What Sarah Palin's hotness means for the campaign
By

    It’s a Sarah Palin Barbie, dontchaknow? Illustration by Paul Schrodt / North by Northwestern.

    When I think of female politicians, I typically don’t think “hot.” On the contrary, my perception of them is one of hard-nosed, pantsuit-wearing shrews – carbon copies of Hillary Clinton, if you will.Now that’s in no way meant to be misogynistic; I believe female politicians are often crafted that way in order to overcome age-old stereotypes and compete in the male-dominated political realm.But you sure won’t find any posters of Hillary or Nancy Pelosi hanging up in my dorm room.

    During this historic presidential campaign, however, something unprecedented has rocked my world.Yes, Barack Obama became the first African American nominated by a major party for president, and yes, he is arguably one of the most inspirational politicians in recent memory.Hell, he’s the Democratic reincarnation of JFK and MLK – perhaps even with better oratory skills – and his impact on American politics is already substantial.But something far more significant has caught my eye: I’ve found an attractive female politician.

    Sarah Palin is certainly unconventional.She’s a moose-hunting “Jane Six-Pack” from Alaska who woke up one morning and became the Republican vice-presidential nominee.But perhaps more noteworthy is that when Palin accepted her party’s nomination, she effectively became the country’s first attractive female candidate for major office – and a heap of young men across the land suddenly became a lot more interested in politics.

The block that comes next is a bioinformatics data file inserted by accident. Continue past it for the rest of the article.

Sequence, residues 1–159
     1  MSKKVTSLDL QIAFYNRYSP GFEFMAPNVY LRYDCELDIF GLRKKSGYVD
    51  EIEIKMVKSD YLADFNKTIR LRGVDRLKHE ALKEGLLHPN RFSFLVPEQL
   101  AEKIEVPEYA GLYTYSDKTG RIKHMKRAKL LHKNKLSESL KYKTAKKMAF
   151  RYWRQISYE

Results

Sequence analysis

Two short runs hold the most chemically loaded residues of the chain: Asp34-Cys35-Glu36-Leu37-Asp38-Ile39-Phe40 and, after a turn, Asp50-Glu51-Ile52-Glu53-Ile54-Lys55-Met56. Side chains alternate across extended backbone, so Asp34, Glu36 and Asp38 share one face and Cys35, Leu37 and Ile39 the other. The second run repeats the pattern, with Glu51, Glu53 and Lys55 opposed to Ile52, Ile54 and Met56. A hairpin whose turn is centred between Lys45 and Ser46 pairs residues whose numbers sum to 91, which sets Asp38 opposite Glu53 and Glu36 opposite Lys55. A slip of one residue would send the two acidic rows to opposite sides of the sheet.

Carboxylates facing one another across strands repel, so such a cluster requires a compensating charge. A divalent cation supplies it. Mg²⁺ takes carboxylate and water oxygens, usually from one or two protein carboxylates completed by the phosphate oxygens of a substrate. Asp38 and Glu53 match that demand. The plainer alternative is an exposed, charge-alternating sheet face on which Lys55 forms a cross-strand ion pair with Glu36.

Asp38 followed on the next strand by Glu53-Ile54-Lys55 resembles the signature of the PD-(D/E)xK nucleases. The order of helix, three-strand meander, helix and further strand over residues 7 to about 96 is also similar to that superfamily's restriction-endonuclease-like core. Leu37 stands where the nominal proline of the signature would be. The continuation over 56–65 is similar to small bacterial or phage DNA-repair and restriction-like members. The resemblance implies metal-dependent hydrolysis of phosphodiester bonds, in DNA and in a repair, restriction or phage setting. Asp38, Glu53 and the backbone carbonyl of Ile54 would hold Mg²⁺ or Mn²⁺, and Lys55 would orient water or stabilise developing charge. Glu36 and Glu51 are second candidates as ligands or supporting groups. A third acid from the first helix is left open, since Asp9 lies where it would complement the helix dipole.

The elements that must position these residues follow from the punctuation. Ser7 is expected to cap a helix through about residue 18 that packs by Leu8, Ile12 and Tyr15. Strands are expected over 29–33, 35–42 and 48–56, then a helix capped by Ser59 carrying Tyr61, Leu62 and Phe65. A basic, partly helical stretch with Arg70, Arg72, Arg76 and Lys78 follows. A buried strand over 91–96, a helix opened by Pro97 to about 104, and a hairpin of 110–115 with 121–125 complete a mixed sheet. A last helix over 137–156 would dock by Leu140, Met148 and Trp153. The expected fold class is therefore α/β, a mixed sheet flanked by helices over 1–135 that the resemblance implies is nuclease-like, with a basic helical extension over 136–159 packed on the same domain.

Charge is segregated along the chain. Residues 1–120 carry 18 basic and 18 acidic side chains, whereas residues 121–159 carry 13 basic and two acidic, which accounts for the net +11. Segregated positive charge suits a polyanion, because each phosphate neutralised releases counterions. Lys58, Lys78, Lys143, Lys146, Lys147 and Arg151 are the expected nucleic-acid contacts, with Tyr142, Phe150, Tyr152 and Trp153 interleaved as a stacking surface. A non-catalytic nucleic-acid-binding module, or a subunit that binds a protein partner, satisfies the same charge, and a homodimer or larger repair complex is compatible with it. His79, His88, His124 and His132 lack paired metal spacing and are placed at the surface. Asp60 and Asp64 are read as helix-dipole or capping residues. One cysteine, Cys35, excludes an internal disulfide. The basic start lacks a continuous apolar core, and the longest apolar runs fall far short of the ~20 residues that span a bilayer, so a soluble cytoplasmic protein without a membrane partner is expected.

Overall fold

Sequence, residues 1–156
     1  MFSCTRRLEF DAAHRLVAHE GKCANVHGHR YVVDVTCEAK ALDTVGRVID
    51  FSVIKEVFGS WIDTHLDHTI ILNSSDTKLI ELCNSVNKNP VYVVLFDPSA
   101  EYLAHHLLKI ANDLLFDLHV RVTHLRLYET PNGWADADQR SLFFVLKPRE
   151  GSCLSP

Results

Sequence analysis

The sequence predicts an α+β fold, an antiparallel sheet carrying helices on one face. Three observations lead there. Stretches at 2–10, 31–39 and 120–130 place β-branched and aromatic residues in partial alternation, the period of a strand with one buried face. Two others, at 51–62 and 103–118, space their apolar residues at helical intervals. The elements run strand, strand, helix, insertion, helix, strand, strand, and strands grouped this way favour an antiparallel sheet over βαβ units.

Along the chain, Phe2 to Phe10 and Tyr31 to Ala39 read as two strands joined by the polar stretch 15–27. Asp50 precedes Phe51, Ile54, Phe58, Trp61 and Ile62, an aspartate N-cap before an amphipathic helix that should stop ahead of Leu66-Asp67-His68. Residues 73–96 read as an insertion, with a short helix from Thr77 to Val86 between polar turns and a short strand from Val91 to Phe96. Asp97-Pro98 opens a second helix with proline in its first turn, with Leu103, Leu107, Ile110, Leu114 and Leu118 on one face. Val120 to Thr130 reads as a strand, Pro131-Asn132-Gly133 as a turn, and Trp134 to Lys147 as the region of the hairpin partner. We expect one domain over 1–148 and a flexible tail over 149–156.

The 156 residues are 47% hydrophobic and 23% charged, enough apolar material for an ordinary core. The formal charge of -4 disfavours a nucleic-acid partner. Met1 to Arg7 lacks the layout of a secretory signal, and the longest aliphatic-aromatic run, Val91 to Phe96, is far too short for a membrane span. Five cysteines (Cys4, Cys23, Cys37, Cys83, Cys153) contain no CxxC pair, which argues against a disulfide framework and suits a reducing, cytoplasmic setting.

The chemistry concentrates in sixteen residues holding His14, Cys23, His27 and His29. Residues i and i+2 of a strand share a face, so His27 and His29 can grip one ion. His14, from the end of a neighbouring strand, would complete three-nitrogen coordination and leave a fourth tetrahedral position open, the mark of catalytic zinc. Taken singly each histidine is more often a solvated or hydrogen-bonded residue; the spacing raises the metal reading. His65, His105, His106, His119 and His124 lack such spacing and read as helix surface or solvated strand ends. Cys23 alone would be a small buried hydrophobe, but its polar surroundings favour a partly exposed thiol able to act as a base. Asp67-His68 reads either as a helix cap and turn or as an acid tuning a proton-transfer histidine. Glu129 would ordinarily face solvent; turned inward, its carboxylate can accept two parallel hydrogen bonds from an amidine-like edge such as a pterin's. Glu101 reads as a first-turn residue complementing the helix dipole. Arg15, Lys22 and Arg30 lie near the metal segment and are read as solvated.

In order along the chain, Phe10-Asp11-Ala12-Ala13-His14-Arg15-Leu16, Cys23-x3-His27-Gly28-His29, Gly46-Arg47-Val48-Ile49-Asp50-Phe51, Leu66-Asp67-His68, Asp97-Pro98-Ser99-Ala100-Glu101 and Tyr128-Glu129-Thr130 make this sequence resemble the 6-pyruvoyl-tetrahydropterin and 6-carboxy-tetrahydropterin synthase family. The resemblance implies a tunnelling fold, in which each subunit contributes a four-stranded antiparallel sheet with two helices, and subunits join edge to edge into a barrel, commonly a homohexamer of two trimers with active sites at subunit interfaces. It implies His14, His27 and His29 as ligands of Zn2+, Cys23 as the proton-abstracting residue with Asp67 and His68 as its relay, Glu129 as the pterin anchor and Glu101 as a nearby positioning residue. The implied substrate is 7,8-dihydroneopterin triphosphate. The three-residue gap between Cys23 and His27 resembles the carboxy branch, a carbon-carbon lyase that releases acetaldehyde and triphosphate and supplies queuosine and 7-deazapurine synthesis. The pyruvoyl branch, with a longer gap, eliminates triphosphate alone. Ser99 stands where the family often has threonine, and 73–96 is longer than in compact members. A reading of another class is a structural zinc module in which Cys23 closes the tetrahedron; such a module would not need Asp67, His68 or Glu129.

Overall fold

According to the Web site tracker Hitwise.com, “Sarah Palin” was the most searched-for political term on the Internet since McCain chose her in late August, and she has been the most searched-for political figure on the Internet in the last three years.

    The blogosphere too has been replete with commentary on Palin’s aesthetics.Some blogs, like John P.’s “One Man’s Blog,” have taken the liberty of posting various “hot” pictures of the candidate, and encouraged other viewers to do the same, writing:

    “If you come across any other hot photos please let me know and I’ll add them to the gallery here! And whoever said Politics couldn’t be exciting?!?

    Though John P. has evidently been spending too much time excessively punctuating his blog posts with one hand (and getting off to photos of Palin with the other), he certainly isn’t alone in his over-zealous fascination with the candidate.

    The popular YouTube video, “Red State Update,” featuring Southern yokels Jackie and Dunlap, called Palin “hot as hell.”

    “She’s got that Alaskan librarian, let-your-hair-down, take-her-on-the-tundra thing going on,” remarked Dunlap.The video has been viewed over 370,000 times.

    With all due respect to Geraldine Ferraro and Clinton, Palin is another kind of woman.Whereas many female politicians remind younger male voters of their mothers, the former Miss Wasilla beauty queen is more like your middle-aged yet seductive next-door neighbor – Mrs. Robinson does politics.Sporting glasses, an updo, and above all, executive powers, Palin embodies the ultimate male fantasy: a dominant but feminine authority figure.